It is quite unusual that he was buried in Germany, as I said. Posibly he died in a hospital in Germany. (Note how your supposed year of death was off). With the name, and dates of birth and death you might get a death certificate, or at least the info on it. E-mail the mayor. They might have other information. Or none. I have worked with detailed death rolls of German units, and quite a number of soldiers died in Germany.

He was 41 at the time of the war, so he was in the Landsturm, and so would not have been in combat if he just was in a Landsturm infantry battalion (he would have been guarding a bridge, or POWs, etc.), so he probably volunteered for duty that would have taken him into harm's way.

I have not actually spent a lot of time in Germany, and not much lately; a lot more in Eastern Europe, and lately in Turkey. Often used to fly into Stuttgart or Munich to pick up a car and head east for a few weeks. Used to work in (ex) Jugoslavija for both the Department of State and a couple of Jugoslav governments, at the same time. Odd situation in the Communist era.

My wife is from Vermont; they have been farmers up in New England for 373 years. We came over in 1926.

Bob Lembke

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Bob,

Thank you for the translation, I sent the dates to my mother last night and she is sending an email to the Aken mayor to see if they have any information available.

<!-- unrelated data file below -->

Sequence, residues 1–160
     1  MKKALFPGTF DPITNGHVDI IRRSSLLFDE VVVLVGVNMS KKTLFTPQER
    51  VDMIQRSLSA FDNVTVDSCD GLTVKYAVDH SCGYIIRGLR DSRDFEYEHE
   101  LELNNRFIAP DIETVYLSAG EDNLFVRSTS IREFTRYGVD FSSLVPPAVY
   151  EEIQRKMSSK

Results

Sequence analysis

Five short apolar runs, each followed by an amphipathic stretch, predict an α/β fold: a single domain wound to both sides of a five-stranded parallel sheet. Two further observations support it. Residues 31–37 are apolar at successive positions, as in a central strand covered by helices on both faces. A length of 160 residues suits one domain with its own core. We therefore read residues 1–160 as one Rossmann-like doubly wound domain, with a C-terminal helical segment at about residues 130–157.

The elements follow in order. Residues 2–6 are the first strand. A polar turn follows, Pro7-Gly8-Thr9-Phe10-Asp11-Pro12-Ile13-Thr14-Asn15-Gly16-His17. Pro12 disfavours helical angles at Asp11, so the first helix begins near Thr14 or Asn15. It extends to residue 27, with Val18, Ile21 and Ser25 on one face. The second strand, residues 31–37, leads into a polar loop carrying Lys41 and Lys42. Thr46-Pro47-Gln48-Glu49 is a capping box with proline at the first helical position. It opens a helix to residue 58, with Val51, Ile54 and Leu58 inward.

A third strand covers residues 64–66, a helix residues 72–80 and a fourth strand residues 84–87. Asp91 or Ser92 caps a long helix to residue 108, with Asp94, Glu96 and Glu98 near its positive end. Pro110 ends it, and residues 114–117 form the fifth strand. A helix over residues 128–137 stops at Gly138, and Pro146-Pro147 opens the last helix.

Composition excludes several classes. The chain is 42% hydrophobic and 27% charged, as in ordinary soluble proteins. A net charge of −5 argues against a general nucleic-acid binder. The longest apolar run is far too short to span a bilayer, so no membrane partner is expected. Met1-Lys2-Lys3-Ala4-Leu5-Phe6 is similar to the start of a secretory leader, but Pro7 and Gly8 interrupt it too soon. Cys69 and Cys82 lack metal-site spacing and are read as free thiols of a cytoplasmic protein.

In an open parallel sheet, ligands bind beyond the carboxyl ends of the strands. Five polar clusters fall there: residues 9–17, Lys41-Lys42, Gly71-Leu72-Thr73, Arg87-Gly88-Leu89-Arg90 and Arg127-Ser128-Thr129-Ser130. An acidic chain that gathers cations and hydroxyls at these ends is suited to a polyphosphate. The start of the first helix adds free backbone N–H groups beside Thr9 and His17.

I've never been to Turkey, my grandmother used to go a few times of year (she just loved shopping there!) but has been unable to travel the last couple of years. Now I mother and I travel to see her once a year, I am hoping that she will be well enough to make the trip to Aken. The Wachsmuths owned a large farm and she still knows where it is. My mother came to the US in 1965 after marrying my father stationed in Berlin, and I was born in Nurnberg.

Wow, New England farmers for 373 years! My husband and I moved to New Hampshire about 12 years ago from Alaska via Wyoming. It is beautiful here but I miss Wyoming and my parents.

Well, thanks for all your help!

Michelle

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Guest sandz@xtra.co.nz

Hi Michelle

Just been checking out some Wachsmuth ancestors of mine and came upon your and Bobs messages.

My Wachsmuths came from Goettingen (near Hannover), and I don't think my Otto is related to yours. But there was an Otto Wachsmuth who left Southampton on 21 April 1894 for New York. Age 24, Single, Male, Occupation - Performer. Aboard the ship "Berlin". On the manifest came with more than 20 other performers, all listed as Foreigners. Maybe this is your Otto?

Sandy

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Hi Sandy,

Couldn't be my Otto Wachsmuth, he never left germany, was in WWI and died abt 1915-16...Thanks

Michelle

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Zum Gedenken

K0388872

Nachname: Wachsmuth

Vorname: Otto

Dienstgrad: Reservist

Geburtsdatum:

Geburtsort:

Todes-/Vermisstendatum: 12.04.1915

Todes-/Vermisstenort:

Otto Wachsmuth ruht auf der Kriegsgräberstätte in Lambersart (Frankreich) .

Endgrablage: Block 3 Grab 589

Zum Gedenken

J0276965

Nachname: Wachsmuth

Vorname: Otto

Dienstgrad: Kriegsfreiwilliger

Geburtsdatum:

Geburtsort:

Todes-/Vermisstendatum: 21.11.1915

Todes-/Vermisstenort:

Otto Wachsmuth ruht auf der Kriegsgräberstätte in Souain (Frankreich) .

Endgrablage: Block 1 Grab 1069

Zum Gedenken

Z0313468

Nachname: Wachsmuth

Vorname: Otto

Dienstgrad: Trainsoldat

Geburtsdatum:

Geburtsort:

Todes-/Vermisstendatum: 15.10.1916

Todes-/Vermisstenort:

Otto Wachsmuth ruht auf der Kriegsgräberstätte in Sissonne (Frankreich) .

Endgrablage: Block 6 Grab 654